Of course adaptability used to often will kill persistence as you won’t be able to recognize progress if your direction changes too often.  I can’t tell you how often this is, but I am certain that persistence should feel more dominant than adaptability when it comes to balancing them and locking in the trait of persistence into your character.  I’ve also learned over years of personal development that many of the same needs arise over and over.  You can be persistent in working on mastering them or you can jump around and adapt to quickly leaving yourself only to revisit again later without having mastered it when it shows back up as a need in your life.  This happens in work as well and I’ve experienced the same thing, pushing a skill further than most would to learn it, teach it to others and master it so you can rely on it again in the future will leave you with easier future success when you need to rely on that skill again in a later circumstance.  All the skills I’ve dropped to adapt to something new, have come back some time later and I’ve had to revisit them.  Balancing the persistence to master them versus adapt to new needs is tricky.

In my experience, people are typically working on improving their skills, their jobs or relationships in multiple areas at once.  Usually, you can adapt in one area that really needs it and stay persistent in the others to you are not always dropping skills before mastery.

Persistence to Mastery

Mastery is when a skills or set of behaviors becomes so automatic and natural you can do it well without thinking about it.  This is what persistence leads to with enough practice.  I love the process and results of mastery in skills and in my experience it is also persistence that gets me there.  There are several models or stages of learning that relate to mastery:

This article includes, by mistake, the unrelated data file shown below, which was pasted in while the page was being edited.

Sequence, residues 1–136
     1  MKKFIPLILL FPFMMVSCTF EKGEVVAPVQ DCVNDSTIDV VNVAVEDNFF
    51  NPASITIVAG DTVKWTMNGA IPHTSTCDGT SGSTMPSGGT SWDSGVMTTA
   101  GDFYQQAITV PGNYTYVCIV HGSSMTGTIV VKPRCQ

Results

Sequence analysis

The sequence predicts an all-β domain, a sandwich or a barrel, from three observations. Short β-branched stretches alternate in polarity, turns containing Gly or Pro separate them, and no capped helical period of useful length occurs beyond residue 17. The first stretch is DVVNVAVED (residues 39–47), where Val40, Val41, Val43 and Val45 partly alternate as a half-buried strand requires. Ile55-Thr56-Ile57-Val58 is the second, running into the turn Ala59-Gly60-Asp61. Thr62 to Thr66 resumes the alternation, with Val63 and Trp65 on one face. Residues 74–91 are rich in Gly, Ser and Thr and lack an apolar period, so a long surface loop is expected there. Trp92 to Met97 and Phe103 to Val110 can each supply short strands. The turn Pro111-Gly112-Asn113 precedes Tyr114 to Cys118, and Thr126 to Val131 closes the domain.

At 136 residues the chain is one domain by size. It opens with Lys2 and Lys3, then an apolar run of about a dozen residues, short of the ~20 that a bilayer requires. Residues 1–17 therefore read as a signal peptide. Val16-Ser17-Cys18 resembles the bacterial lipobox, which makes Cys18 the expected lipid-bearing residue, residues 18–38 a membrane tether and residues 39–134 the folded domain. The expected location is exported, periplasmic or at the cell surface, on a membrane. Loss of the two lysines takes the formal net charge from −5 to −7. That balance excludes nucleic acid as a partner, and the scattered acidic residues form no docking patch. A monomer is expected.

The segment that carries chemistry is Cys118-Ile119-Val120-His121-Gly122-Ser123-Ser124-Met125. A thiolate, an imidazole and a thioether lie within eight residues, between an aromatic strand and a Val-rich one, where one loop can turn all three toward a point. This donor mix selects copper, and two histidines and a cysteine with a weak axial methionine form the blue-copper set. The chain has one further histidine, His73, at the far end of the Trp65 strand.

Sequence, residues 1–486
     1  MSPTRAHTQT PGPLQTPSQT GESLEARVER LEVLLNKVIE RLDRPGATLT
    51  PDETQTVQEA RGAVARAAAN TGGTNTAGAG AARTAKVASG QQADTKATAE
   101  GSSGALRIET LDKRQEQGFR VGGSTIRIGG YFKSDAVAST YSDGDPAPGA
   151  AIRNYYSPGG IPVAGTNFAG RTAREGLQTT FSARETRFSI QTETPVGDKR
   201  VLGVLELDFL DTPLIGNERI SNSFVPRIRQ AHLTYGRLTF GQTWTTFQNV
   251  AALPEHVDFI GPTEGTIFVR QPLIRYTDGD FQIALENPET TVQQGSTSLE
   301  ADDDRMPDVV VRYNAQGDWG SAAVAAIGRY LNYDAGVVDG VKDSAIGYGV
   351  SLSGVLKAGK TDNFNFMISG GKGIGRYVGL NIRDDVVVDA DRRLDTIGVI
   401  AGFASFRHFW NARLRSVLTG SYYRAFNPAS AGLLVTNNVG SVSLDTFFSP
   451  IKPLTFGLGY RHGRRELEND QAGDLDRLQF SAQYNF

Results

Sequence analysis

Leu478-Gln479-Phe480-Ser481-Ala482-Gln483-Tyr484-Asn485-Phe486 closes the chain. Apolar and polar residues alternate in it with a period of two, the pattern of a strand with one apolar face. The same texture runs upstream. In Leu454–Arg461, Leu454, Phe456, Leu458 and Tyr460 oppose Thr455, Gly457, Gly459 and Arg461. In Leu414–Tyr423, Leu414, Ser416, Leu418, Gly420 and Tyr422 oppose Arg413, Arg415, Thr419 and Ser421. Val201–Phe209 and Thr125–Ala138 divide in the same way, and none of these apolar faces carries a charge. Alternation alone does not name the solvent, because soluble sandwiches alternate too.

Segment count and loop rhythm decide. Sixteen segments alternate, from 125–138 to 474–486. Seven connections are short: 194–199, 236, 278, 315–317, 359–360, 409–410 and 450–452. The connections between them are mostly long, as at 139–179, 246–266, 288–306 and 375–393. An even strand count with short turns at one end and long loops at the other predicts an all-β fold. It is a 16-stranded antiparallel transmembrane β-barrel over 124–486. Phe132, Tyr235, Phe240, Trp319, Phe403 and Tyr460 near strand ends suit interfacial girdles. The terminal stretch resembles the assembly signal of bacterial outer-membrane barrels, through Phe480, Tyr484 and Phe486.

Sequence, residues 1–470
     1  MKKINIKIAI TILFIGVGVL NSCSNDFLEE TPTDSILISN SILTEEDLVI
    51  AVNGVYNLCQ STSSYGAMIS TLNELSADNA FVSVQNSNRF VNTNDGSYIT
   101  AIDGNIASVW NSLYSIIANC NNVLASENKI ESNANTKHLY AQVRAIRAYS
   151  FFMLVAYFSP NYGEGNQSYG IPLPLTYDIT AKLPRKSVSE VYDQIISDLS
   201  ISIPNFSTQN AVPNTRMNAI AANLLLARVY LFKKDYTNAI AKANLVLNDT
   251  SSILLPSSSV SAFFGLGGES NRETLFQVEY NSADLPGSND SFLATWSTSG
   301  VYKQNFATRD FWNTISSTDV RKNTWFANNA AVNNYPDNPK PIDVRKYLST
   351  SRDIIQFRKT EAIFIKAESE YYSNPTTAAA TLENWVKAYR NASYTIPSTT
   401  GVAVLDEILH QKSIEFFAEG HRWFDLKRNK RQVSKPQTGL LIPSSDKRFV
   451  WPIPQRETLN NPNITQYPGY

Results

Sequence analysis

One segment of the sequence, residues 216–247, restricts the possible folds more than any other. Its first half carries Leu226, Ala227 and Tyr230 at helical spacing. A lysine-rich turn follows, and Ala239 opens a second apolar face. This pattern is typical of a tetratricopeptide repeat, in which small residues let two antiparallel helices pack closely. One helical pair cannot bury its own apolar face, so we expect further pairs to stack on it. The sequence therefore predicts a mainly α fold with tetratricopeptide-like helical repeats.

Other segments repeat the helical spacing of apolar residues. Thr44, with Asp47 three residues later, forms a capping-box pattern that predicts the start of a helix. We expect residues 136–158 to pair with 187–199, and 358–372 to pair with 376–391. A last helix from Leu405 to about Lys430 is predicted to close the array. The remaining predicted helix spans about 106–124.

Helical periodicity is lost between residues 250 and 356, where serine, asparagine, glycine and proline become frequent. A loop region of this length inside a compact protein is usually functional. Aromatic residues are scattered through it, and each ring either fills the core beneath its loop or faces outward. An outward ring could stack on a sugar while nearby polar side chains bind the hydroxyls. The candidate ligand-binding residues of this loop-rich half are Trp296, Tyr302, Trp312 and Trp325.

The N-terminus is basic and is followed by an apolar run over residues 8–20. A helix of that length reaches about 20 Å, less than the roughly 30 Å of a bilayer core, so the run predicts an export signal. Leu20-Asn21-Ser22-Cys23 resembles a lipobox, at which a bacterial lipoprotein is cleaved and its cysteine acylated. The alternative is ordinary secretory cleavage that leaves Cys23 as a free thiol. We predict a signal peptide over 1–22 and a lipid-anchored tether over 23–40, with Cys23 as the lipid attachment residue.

1. Unconscious Incompetence – not aware of what you do not know or need to learn
  2. Conscious Incompetence – You learn or become aware of what you do not know
  3. Conscious Competence – You’ve learned to do something when thinking about it
  4. Unconscious Competence – You’ve learned to do something so well you no longer even think about it

There is another stage of this learning process and can take you all the way to mastery.  These 4 stages will get you to an expert level and is where most people stop, when they become experts in something.  You know it, can do it, can even tell others how to learn or do it themselves.  However, persistence can drive you even further.


Learning Stages

(Courtesy of Will Taylor, Chair, Department of Homeopathic Medicine, National College of Natural Medicine, Portland, Oregon, USA, March 2007. Please reference the diagram accordingly if you use it.)

This fifth stage some refer as the reflective competence. This is the point where you have become autonomous in this skill to do it unconsciously, but choose to reflect on that, optimize and take it even further.  This is what mastery is; when you decide that the unconscious level can be taken beyond.  Persistence in your thinking, your intentions in how you learn and in reflecting on your learning models no matter what your goals and progress towards those are will bring mastery.  I feel that personal development sends each person on a path towards mastery depending on their interests and I hope for you, that you find the persistence to drive it to the deepest levels, to lock it in with your own motivation factors and find a way to continually reflect, even on your unconscious competence areas.

Posted by Mike King under Learning | 1 Comment »

Learning, Humility and Leadership

May 19th 2012

Today I’m very happy to have this great article by Allan Shelton, the author of a new book called, “Awakened Leadership: Beyond Self-Mastery” which I am currently reading and hope to review soon.  Since I had not finished it before its release date, Allan offered this article for readers to learn from based on Allan life long journey of learning, humility and leadership studies.  I hope you enjoy and please add any comments below.